The Housing Committee consisted of Chairman Morris Ernst and Reverend John W. Robinson. Ernst was a prominent attorney with the American Civil Liberties Union (ACLU) and Reverend Robinson was a Methodist minister and representative of the Interdenominational Ministers Alliance, an organization serving the local churches and community. He also chaired the Permanent Committee on Better Schools in Harlem.
Their investigation documented decrepit physical conditions and very high rents in Harlem. Black residents in Harlem had regularly protested their substandard living conditions. It was reported that most people living in tenements received some assistance from relief programs. The committee found that 1,220, or 6%, of family-living quarters did not have heating, more than 2,300, or 12%, did not have access to hot water and, 722, or close to 4%, did not have working toilets. In addition, 84.2% of residential structures were built prior to 1900. The Committee concluded that discriminatory housing forced Black residents to live poorly. With high rents, insufficient housing stock and decaying homes, Harlem residents had little choice but to accept these conditions.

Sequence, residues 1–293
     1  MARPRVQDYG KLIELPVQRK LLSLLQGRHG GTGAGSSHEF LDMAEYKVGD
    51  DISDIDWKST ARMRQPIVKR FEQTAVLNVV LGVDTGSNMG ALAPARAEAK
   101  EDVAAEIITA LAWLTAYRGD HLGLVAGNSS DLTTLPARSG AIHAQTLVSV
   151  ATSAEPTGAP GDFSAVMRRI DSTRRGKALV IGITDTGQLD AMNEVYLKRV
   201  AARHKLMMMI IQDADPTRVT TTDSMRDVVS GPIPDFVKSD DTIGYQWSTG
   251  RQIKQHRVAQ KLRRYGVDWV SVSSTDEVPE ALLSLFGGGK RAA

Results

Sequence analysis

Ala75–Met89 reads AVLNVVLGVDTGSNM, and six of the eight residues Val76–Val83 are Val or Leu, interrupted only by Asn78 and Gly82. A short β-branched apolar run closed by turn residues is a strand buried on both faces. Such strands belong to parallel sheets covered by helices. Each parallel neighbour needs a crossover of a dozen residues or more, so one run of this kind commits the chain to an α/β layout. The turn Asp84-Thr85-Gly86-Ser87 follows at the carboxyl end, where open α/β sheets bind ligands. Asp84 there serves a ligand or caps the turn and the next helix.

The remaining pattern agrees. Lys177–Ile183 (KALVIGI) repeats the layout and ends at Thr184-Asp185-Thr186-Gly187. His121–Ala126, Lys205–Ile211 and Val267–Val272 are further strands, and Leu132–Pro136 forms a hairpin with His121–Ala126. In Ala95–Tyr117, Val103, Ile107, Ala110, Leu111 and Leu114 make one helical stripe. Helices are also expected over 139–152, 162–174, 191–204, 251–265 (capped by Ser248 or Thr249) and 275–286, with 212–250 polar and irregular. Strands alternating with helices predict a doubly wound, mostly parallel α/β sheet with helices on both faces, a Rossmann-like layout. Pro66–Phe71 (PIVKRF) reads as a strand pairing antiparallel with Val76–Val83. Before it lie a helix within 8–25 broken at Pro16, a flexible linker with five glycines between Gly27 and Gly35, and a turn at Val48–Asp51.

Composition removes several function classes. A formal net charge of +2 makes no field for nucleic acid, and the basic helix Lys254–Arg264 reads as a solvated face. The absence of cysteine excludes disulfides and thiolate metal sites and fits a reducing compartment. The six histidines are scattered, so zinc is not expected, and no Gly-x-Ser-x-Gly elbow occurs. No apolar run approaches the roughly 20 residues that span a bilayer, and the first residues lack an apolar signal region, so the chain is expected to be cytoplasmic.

In 1934, Harlem was home to 56,157 family groups according to data made available to the Committee by the New York City Housing Authority. Central Harlem was reported to have varying rent prices and landlords used this as an opportunity to exploit Black communities. Landlords placed Black families in dilapidated buildings and charged higher rents compared to what white families paid. The Housing Committee interviewed a Harlem resident, Mr. Langston, who said “the majority of the rentals paid by Harlem families ranged from $30 to $50, while the rentals paid by the majority of the [white] families on the Lower East Side were under $20.”
 The 1936 Harlem Conditions Report, pp. 57
 Ibid, pp. 57
 Ibid, pp. 54